Date of Award

May 2023

Degree Type


Degree Name

Doctor of Philosophy


Biomedical and Health Informatics

First Advisor

Jake Luo

Committee Members

Jennifer T Fink, Min Wu, Susan W McRoy


bone fracture, clinical decision support, senior adult falls, social determinant of health


Senior adult falls are one of the leading causes of injury and death. The analysis of social determinants and healthcare utilization for senior patients with a history of falls is limited. Most healthcare outcome studies focus on risk factors for falls. There is a lack of studies on patients’ socioeconomic and demographic effects on healthcare utilization. With unequal utilization of healthcare adoption, clinical developments, such as clinical decision-making tools, cannot reach people equally, which limits the potential of improving healthcare coverage.To close the healthcare utilization gap, this dissertation includes two studies focusing on healthcare disparities and the use of innovative technology to provide solutions. 1) To understand the population gaps in healthcare adoption: the first study examines socioeconomic disparities and their impact on healthcare utilization for senior patients with a history of falls in southeast Wisconsin and the Milwaukee metropolitan area, one of the most racial segregated communities in the United States. This study found that disadvantaged social conditions, including under-insurance, residing far from a hospital, lower education, and lower income, were associated with a lower healthcare utilization rate. These findings indicate the need to address healthcare inequities to facilitate equitable care for all patients.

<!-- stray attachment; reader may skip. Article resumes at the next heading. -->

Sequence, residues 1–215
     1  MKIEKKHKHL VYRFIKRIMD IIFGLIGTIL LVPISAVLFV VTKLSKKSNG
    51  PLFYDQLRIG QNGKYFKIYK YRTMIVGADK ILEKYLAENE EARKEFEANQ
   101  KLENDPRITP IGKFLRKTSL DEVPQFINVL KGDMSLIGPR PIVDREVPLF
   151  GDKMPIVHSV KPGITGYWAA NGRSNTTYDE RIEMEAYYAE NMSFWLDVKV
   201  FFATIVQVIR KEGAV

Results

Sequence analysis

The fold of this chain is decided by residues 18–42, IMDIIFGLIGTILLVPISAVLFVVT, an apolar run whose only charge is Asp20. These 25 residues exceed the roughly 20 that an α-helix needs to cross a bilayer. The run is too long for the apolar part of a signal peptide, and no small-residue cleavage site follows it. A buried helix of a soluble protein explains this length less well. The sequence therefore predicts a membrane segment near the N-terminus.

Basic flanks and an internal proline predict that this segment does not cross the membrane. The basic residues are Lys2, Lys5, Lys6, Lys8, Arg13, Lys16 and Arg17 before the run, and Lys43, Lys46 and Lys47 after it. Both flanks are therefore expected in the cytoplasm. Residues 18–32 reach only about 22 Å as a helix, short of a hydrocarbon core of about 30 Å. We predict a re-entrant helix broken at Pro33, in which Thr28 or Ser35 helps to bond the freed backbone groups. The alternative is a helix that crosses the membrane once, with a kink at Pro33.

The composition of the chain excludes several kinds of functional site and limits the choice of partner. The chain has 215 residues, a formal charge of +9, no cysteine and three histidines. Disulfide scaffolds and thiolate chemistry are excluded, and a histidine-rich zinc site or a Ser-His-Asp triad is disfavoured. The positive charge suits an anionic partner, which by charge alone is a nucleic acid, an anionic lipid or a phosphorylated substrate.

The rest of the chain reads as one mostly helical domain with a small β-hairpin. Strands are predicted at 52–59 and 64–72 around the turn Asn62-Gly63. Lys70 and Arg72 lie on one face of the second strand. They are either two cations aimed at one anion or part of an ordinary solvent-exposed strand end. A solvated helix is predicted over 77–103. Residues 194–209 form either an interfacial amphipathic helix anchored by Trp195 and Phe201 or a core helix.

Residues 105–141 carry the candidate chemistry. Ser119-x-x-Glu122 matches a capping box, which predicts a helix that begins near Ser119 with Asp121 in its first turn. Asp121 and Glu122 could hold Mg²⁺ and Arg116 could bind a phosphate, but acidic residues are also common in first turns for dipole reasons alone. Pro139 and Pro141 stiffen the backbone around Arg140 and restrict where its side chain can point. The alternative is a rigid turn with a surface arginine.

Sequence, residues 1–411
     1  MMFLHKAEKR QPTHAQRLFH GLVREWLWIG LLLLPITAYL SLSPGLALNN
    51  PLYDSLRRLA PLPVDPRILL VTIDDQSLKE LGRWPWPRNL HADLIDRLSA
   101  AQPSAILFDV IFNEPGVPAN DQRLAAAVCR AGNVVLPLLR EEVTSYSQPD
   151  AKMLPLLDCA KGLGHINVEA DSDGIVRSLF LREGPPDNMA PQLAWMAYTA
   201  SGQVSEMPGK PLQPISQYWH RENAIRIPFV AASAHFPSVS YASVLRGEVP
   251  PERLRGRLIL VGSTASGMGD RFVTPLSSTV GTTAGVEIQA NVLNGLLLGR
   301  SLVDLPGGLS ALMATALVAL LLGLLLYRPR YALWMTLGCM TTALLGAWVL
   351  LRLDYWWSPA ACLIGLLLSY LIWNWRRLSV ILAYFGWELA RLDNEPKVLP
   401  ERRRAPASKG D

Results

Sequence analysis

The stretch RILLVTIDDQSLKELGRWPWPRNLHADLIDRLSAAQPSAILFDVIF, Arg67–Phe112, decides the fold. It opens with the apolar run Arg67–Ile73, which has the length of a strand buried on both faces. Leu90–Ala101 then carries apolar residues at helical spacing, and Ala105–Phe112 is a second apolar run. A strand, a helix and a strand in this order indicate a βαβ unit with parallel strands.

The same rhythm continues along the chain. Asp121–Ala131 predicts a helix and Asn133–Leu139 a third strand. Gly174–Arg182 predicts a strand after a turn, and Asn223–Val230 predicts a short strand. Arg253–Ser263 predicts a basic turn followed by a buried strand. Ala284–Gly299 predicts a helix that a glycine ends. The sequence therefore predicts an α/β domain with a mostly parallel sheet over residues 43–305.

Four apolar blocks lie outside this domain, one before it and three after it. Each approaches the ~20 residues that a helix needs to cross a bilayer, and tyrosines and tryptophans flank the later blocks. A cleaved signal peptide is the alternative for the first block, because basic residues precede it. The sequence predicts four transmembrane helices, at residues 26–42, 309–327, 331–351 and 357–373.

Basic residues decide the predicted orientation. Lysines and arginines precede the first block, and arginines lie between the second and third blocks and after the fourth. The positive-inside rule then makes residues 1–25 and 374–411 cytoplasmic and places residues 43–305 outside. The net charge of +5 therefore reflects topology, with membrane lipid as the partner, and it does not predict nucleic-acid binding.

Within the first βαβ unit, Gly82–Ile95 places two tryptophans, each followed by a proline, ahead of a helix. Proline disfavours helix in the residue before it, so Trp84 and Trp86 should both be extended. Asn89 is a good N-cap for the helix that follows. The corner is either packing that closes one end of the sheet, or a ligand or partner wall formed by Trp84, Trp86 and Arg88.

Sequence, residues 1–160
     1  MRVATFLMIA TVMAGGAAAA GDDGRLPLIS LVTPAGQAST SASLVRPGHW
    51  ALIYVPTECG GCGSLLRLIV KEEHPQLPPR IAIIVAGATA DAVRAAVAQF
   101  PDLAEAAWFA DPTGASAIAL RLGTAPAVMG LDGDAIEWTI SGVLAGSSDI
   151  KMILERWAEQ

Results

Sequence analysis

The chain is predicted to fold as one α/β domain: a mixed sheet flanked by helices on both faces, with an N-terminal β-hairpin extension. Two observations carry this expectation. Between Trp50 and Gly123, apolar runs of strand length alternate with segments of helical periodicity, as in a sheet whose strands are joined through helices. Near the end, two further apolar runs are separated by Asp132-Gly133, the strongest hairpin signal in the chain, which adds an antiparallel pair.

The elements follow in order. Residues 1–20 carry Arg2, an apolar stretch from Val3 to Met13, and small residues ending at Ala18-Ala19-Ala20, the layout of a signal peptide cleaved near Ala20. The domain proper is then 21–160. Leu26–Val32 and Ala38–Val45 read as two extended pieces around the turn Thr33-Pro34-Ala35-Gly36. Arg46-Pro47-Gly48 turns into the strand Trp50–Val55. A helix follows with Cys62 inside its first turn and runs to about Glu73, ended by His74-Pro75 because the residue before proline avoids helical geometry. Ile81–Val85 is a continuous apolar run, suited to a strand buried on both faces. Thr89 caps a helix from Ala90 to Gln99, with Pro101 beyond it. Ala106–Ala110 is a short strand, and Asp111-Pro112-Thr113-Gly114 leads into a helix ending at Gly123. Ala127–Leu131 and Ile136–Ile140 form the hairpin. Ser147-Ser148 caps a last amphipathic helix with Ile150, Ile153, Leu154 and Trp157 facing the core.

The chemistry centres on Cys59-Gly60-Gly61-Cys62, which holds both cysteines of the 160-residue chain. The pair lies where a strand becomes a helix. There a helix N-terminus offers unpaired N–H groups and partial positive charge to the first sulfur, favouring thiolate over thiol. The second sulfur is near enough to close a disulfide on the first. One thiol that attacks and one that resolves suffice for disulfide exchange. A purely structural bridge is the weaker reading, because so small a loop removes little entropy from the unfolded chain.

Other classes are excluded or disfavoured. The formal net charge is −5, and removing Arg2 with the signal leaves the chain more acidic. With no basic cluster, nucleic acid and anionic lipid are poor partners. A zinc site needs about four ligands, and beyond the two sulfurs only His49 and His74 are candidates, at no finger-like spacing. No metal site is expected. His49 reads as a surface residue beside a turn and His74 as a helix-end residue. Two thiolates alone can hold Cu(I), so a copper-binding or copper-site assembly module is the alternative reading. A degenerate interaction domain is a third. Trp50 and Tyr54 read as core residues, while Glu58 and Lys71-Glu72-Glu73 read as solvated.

2) To improve the clinical decision support model using an interpretable machine learning framework: The clinical decision support model has been demonstrated to be an effective method to improve healthcare and reduce inequality; however, the mechanisms of the clinical decision support model are difficult to interpret for clinical practitioners. To address this problem, the second study discusses interpretable machine learning uses and applications. The second study discussed an example of machine learning-based text classification for clinical computed tomography reports, specifically for temporal bone fractures, one of the severe outcomes of senior adult falls. This study develops a solution to use an interpretable artificial intelligence framework and computer-based methodology to understand the mechanisms of clinical decision models to close the inequality gap for senior adults. Machine learning models were used to classify fractures based on text reports, and two methodologies were used for interpretation, which resulted in high interpretability, possibly improving the physicians’ trust in the clinical decision-making model. This study can assist physicians in using technology more effectively to aid decision-making and increase trust in computerized models. In addition, this study demonstrates machine learning classification models can process a large quantity of clinical texts to reduce the physician’s documentation processing workload, possibly leading to high-quality healthcare.Together, the two papers in this dissertation underscore the importance of addressing healthcare disparities. The study shows it is feasible to use machine learning, a computer-based technology, to form a pathway for better care for patients. By addressing disparities and leveraging technology effectively, it is possible that healthcare providers could provide equitable and high-quality care for all patients, regardless of socioeconomic status or diagnosis.

Available for download on Saturday, June 15, 2024